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MORAINE PRODUCTS, INC. v. BLOCK DRUG COMPANY

United States District Court, Northern District of Illinois, E.D


November 13, 1970

MORAINE PRODUCTS, INC., A CORPORATION, PLAINTIFF,
v.
BLOCK DRUG COMPANY, INC., A CORPORATION, ET AL., DEFENDANTS.

The opinion of the court was delivered by: Robson, Chief Judge.

MEMORANDUM ON DEFENDANTS' MOTION FOR SUMMARY JUDGMENT

The defendants in this patent infringement action move for summary judgment. For the reasons stated below, this court is of the opinion the motion should be denied.

The patent in issue concerns a method of medical treatment for flatulency symptoms caused by gastro-intestinal disorders. The patented method includes the introduction of a pharmaceutical composition known generically as "simethicone" into the gastro-intestinal tract where it acts as an anti-foaming agent. It is undisputed that the inventor, Dr. Joseph A. Rider, administered the composition to certain of his private and clinic patients for more than a year prior to his application for the patent in issue. These patients obtained the simethicone composition from the pharmacy of the public medical clinic where Dr. Rider practiced medicine.

The patent laws bar patentability of inventions which have been subjected to public use for more than one year prior to the date a patent application is filed. 35 U.S.C. § 102(b). The defendants claim that Dr. Rider's use of the treatment method in question, and the clinic's sale of the pharmaceutical composition, constitute a public use which bars patentability as a matter of law. The plaintiff, however, contends that Dr. Rider's use of the treatment method was an experimental one to test its safety and efficacy, and that the clinic's sale of the simethicone composition was incidental to the experimental treatment in question. The statutory rule requiring seasonable disclosure of inventions is subject to an exception where a reasonable period of experimentation is involved. Amphenol Corporation v. General Time Corporation, 397 F.2d 431, 437 (7th Cir. 1968); Koehring Company v. National Automatic Tool Company, 362 F.2d 100, 103-104 (7th Cir. 1966); George R. Churchill Company, Inc. v. American Buff Company et al., 365 F.2d 129, 133-134 (7th Cir. 1966).

Factual issues may not be decided in a motion for summary judgment; the court's duty is to determine whether there are any factual issues to be tried. Rule 56, Federal Rules of Civil Procedure; Devex Corporation v. Houdaille Industries, Inc., 382 F.2d 17, 21 (7th Cir. 1967). Patent cases are rarely a proper subject for summary judgment because legal conclusions on issues of patent validity and infringement often rest upon complex and highly specialized evidence which must be interpreted by expert witnesses. Ortman v. Stanray Corporation, 371 F.2d 154, 156 (7th Cir. 1967).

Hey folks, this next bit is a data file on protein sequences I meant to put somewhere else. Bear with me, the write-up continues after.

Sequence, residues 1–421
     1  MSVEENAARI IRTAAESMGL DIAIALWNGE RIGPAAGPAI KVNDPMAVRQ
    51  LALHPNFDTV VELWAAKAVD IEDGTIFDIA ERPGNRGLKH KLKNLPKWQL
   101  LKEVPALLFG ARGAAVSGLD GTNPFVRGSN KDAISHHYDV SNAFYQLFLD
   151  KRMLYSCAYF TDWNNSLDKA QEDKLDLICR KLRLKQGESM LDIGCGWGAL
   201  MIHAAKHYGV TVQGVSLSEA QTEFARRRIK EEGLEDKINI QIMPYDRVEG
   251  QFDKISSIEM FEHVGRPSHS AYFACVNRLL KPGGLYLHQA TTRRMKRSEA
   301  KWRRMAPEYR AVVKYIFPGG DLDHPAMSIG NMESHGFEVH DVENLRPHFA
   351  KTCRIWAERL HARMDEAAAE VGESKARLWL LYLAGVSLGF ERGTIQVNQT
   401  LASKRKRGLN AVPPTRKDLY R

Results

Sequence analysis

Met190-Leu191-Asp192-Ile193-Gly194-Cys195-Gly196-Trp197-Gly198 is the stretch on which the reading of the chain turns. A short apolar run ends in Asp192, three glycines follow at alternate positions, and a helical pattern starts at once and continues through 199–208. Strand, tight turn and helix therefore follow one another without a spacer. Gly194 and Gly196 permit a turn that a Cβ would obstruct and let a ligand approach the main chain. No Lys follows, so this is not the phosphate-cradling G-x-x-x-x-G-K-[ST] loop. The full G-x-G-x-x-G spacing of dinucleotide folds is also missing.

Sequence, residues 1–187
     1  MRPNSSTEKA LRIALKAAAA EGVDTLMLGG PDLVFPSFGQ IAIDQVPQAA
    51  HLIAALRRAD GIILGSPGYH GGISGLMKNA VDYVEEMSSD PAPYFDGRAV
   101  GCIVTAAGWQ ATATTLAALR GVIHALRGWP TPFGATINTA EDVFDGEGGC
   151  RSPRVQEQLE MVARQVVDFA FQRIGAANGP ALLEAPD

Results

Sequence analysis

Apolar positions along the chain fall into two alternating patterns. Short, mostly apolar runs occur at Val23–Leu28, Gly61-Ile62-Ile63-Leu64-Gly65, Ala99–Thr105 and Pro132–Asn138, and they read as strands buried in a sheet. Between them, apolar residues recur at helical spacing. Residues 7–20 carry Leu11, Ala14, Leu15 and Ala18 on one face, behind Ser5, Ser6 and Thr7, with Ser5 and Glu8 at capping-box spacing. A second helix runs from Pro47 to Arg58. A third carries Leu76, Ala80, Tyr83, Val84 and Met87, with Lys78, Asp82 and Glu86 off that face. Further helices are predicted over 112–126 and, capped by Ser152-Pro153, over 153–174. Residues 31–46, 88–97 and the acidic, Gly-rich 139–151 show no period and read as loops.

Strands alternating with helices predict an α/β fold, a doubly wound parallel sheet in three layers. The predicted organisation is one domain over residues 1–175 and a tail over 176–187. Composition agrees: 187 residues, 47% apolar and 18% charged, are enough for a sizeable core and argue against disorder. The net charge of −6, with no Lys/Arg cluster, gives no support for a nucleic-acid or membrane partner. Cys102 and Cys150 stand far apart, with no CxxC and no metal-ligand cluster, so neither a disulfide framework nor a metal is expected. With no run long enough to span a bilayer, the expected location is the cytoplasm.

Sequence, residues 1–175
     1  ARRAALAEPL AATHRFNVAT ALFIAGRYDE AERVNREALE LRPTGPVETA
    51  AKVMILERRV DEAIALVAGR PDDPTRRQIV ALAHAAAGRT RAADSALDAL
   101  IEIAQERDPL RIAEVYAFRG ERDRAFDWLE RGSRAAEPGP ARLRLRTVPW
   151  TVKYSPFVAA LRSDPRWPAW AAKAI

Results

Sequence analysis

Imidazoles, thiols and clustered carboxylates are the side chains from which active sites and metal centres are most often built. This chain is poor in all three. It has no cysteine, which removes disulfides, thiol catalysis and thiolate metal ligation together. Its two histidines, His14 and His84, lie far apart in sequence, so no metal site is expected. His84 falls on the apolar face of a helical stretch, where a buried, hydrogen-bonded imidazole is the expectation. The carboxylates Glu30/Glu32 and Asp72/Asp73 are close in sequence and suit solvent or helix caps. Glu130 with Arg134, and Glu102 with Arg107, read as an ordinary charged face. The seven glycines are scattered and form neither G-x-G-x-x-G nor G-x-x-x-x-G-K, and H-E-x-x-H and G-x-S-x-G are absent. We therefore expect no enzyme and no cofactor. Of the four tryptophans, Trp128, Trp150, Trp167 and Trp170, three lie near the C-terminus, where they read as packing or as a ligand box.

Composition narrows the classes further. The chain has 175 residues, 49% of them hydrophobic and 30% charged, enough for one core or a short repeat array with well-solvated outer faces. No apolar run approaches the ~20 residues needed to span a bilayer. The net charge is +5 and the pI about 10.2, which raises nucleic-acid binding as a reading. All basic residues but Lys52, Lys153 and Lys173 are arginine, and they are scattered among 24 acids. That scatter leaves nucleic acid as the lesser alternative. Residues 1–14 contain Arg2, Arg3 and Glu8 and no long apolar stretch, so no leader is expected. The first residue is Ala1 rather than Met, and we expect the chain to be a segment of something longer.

A use for experimental purposes is not a public use barring patentability if it is conducted in good faith for the purpose of testing the qualities of the invention, and for no other purpose not incidental to the experimental purpose. Cloud v. Standard Packaging Corp., 376 F.2d 384, 390 (7th Cir. 1967). Whether or not Dr. Rider's use of the simethicone treatment method upon his patients was experimental is a question of fact. E.g., McCullough Tool Company v. Well Surveys, Inc., 343 F.2d 381, 394 (10th Cir. 1965); Cline Electric Mfg. Co. v. Kohler, 27 F.2d 638, 641 (7th Cir. 1928). Similarly, whether or not the sale of the simethicone composition by the clinic's pharmacy was incidental to an experimental use is also a question of fact not properly resolved in a motion for summary judgment.

The defendants further move for summary judgment on the ground that the Rider patent was anticipated by an earlier patent application filed by W.H. Feinstone and assigned to the defendant Plough, Inc. The Patent Office expressly found the Rider patent to be patentable over the Feinstone invention as a prior art reference. The defendants' attack upon this finding by the Patent Office raises questions of fact which, as discussed above, are not appropriate for consideration in a motion for summary judgment. See Technograph Printed Circuits et al. v. Methode Electronics, Inc., 356 F.2d 442, 447 (7th Cir. 1966).

It is therefore ordered that the defendants' motion for summary judgment be, and it is hereby denied.

19701113

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